One critic of SCL and Cambridge Analytica told BuzzFeed News that Tatham’s strongly worded dissociation was significant.
“The company is unraveling and people who still have a reputation to save are trying to save it,” said David Carroll, a media design professor at Parsons School of Design in New York City who has filed suit in the UK to reclaim data that Cambridge Analytica may be holding. Carroll said Tatham’s departure would make it difficult for SCL to get military contracts. “It can’t recover from losing a guy like him,” Carroll said.
Gabb also is a former British military officer, according to a Bloomberg report.
Gabb has long been active in conservative politics in the UK, donating nearly 720,000 British pounds — more than $1 million — to the Conservative Party since 2004, British election records show. He supported the 2016 Brexit vote, signing a letter with scores of British business executives stating that “Britain’s competitiveness is being undermined by our membership of a failing EU.” He was fined 1,000 pounds (about $1,400) in 2016 by the UK’s Electoral Commission for not disclosing his role in purchasing pro-leave advertisements during the Brexit referendum.
Gabb, 79, had been a director of SCL Group since October 2005, shortly after it was formed in London. He is a major SCL shareholder, owning between 25% of 50% of its stock and controlling 25% to 50% of its voting rights, according to a public filing with Companies House. Gabb also had been a director of two affiliated companies — SCL Analytics, which was formed in 2015, and SCL Insight, which was formed in 2016, records show.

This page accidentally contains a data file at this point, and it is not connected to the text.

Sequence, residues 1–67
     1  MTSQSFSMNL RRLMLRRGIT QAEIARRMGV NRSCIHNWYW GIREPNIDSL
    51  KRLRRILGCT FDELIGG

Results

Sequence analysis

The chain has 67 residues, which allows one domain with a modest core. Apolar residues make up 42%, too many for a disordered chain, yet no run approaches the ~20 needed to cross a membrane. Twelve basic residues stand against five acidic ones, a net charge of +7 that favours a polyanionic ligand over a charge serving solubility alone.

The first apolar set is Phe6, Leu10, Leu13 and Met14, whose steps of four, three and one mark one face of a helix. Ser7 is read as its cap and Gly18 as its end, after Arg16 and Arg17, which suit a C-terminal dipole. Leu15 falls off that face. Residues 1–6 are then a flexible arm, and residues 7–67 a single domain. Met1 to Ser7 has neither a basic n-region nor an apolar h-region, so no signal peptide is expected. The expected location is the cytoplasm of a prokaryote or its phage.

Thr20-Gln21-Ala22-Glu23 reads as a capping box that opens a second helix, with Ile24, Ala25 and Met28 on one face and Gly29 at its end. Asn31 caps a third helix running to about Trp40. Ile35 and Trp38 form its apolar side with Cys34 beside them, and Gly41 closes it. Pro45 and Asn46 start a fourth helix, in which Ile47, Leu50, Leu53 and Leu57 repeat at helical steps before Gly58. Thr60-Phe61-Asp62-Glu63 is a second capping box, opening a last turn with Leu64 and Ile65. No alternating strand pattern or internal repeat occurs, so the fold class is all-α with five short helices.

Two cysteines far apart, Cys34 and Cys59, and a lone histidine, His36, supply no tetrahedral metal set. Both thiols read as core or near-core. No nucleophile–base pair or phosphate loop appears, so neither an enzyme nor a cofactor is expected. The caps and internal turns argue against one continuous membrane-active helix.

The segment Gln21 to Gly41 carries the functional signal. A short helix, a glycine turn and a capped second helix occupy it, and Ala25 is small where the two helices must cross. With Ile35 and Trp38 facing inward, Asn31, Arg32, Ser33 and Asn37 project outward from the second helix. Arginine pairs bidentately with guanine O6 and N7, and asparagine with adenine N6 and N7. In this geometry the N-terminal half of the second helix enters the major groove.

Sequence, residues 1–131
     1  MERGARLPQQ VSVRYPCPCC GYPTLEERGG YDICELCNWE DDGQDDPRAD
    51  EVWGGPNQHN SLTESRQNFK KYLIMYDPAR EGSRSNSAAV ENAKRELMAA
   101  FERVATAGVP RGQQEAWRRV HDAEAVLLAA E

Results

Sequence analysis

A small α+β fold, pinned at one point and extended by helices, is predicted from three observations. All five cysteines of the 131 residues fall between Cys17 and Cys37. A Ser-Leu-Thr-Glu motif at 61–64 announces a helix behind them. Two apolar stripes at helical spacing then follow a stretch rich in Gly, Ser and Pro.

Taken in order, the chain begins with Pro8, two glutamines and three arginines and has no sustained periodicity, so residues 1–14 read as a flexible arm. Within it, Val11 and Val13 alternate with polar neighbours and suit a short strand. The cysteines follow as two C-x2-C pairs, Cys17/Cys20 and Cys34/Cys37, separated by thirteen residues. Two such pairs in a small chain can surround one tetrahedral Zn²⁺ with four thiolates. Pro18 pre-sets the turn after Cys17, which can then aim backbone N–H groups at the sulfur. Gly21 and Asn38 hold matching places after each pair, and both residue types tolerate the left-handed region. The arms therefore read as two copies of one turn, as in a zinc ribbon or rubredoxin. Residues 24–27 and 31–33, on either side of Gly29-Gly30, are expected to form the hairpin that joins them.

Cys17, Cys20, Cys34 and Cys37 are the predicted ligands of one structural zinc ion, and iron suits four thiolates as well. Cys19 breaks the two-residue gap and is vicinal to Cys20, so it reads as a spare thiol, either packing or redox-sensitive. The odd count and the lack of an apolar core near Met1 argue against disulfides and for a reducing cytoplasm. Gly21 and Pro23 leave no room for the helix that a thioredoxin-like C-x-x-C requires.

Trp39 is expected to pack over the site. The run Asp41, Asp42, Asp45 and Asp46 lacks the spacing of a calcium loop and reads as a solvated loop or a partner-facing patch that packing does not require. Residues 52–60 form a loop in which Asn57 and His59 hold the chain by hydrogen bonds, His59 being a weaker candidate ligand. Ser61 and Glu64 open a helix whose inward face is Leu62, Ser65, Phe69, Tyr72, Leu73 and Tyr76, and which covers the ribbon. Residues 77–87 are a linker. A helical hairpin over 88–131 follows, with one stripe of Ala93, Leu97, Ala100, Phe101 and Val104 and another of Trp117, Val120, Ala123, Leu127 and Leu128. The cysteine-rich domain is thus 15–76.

A public filing in 2015 shows that Gabb was one of four directors of SCL Group.
Gabb’s resignations come at a tumultuous time for Cambridge Analytica as investigators in the US and the UK probe its activities during major 2016 elections in both countries.
Eight days before Gabb resigned, Cambridge Analytica suspended CEO Alexander Nix following the airing of videotapes on which he bragged about using sex workers to blackmail political candidates. Nix also is a key figure in the probe of special counsel Robert Mueller, who is reportedly seeking emails from 2016 in which Nix sought unsuccessfully to help WikiLeaks release copies of Hillary Clinton’s emails.
Cambridge Analytica’s work for Trump’s campaign also is under scrutiny as lawmakers try to determine if the campaign used improperly acquired personal details of Facebook users to target voters and gave data to Russians to help them target US voters. Both the campaign and Cambridge Analytica have denied using Facebook data and say the company analyzed records only from the Republican National Committee and the campaign itself to identify “persuadable” voters.
In the UK, Wylie told the House of Commons’s Digital, Culture, Media and Sport Committee that AggregateIQ received millions of dollars from Vote Leave, the organization that led the 2016 campaign favoring a British withdrawal from the European Union. The firm was paid for social media advertising.
Nothing appears to link Gabb to Cambridge Analytica’s work in the US. Democrats on the House Intelligence Committee did not name him on a list of dozens of potential witnesses, including several from Cambridge Analytica, who they think have information about possible coordination between the Trump campaign and the Kremlin in the 2016 election.
Gabb made a fortune as a wine distributor in the UK.